When we talk about combat, another nice side-effect of an explicit momentum meter surfaces. Your momentum determines how much slow-mo time you have for disarms. If you could know that before making an attack on an enemy, you'd have a much better chance of successfully executing a disarm. This would be far more true to the spirit of the game than the way it is now. Where you end up running at a guy in full riot gear head-on, with no idea if you have any slow-mo at all. Again, the meter goes away in Hard mode, so those who like the uncertainty and challenge can still have it.

Lastly: Never design a level in such a way as to entirely deprive Faith of her acrobatic attacks. Yes, I'm talking about those walls with a column on them every four feet in the underground parking garage, preventing you from executing a wall-kick and easier disarm. The only place in that section to execute a wall-kick is off the side of the truck... which was conveniently parked right next to three swat guys with machine guns, so you'd only get one step along the side of the truck before getting swiss-cheesed by three streams of machine-gun fire.

P.S. That fucking helicopter carrying three guys with machine guns has NO FUCKING BUSINESS being in the first few levels. Save that shit for the last few outside levels. Or if you're gonna put it in the early levels, at least restrict it to Hard mode.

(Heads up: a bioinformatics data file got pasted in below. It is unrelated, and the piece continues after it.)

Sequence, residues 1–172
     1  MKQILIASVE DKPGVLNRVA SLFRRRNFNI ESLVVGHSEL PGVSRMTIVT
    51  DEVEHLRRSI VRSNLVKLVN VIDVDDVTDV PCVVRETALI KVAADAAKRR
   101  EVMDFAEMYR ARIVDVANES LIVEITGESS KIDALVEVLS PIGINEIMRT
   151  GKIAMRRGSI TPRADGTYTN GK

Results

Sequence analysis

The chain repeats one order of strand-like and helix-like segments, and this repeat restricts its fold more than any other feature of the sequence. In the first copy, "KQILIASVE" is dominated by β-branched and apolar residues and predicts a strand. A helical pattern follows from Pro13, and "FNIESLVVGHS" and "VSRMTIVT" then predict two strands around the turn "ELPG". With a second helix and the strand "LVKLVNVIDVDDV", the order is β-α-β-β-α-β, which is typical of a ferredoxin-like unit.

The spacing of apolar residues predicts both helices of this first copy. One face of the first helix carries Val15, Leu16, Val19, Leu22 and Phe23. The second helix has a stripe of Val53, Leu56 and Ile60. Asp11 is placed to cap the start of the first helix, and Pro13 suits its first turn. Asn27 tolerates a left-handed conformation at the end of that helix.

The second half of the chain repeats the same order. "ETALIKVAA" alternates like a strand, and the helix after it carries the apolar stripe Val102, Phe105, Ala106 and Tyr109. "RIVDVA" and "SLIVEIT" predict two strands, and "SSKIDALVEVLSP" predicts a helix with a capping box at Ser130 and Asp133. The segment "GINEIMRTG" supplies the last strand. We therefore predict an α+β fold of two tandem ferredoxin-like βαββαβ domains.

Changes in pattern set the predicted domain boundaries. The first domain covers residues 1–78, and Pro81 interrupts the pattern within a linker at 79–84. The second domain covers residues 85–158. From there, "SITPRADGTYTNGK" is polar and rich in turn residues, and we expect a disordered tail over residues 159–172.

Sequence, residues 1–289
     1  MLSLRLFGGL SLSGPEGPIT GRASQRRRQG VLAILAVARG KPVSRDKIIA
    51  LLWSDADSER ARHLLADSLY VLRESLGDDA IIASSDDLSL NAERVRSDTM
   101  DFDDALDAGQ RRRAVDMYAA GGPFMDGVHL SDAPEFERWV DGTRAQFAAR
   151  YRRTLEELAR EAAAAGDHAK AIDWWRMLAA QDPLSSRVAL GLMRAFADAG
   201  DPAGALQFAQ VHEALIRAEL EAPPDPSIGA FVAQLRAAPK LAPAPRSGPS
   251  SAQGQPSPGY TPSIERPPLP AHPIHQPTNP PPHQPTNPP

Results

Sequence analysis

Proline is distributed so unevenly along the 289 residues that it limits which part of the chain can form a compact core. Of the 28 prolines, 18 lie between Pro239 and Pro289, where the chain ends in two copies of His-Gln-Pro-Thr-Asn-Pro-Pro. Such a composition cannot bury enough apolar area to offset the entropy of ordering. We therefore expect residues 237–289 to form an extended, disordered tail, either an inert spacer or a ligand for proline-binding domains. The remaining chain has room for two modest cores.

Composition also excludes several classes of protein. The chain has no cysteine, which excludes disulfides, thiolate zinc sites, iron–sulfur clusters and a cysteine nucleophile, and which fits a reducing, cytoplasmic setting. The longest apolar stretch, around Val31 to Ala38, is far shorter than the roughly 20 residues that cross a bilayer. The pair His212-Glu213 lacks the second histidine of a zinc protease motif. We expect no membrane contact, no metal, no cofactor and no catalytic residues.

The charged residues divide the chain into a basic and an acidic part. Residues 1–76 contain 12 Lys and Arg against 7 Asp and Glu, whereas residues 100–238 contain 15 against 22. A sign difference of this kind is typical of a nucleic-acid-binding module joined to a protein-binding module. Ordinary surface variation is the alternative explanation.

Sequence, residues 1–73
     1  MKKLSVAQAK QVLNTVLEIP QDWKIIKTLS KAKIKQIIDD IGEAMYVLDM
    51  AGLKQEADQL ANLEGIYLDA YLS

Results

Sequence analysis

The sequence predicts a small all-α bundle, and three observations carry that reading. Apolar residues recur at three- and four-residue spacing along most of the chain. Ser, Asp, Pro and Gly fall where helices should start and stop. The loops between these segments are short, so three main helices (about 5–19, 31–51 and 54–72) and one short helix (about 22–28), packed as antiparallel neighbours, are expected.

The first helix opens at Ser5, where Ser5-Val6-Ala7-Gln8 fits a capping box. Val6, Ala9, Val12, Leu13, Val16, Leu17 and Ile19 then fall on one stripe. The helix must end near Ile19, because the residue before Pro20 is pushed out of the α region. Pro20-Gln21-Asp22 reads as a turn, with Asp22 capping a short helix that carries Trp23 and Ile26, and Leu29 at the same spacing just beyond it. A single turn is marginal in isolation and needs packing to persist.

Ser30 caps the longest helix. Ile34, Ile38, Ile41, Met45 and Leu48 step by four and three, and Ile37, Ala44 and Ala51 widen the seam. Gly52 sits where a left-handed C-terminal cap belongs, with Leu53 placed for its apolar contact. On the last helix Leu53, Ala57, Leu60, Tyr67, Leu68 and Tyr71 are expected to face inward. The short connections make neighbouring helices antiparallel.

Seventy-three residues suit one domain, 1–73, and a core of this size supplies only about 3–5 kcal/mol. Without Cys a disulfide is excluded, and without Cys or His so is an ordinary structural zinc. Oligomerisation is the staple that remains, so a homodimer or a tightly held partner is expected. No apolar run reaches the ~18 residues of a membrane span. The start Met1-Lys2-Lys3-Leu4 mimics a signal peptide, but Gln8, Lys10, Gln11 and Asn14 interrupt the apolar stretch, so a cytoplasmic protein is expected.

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osmium_ocelot: Vision
  User: osmium_ocelot
  Date: 2010-02-01 01:49 (UTC)
  Subject:   (no subject)
That is just a goddamn shame.
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  User: (Anonymous)
  Date: 2010-02-11 19:47 (UTC)
  Subject:   (no subject)
Hi! Doctor Professor here, the writer of the review you referenced (http://www.pixelpoppers.com/2010/01/mirrors-edge-what-went-wrong-and-why.html).

First, thanks for reading and linking to my review. I'm glad you enjoyed it. :)

Second, just want to clear something up - that comic (http://www.virtualshackles.com/64) that I posted originally came from Virtual Shackles (http://www.virtualshackles.com/), not me.

Finally, something you might find interesting given how big an issue the control scheme and lack of customization is for you. They discussed in the Afterthoughts interview (http://www.1up.com/do/feature?cId=3172300) why they made that choice - and they claim it's for a reason completely unrelated to playtime inflation. :)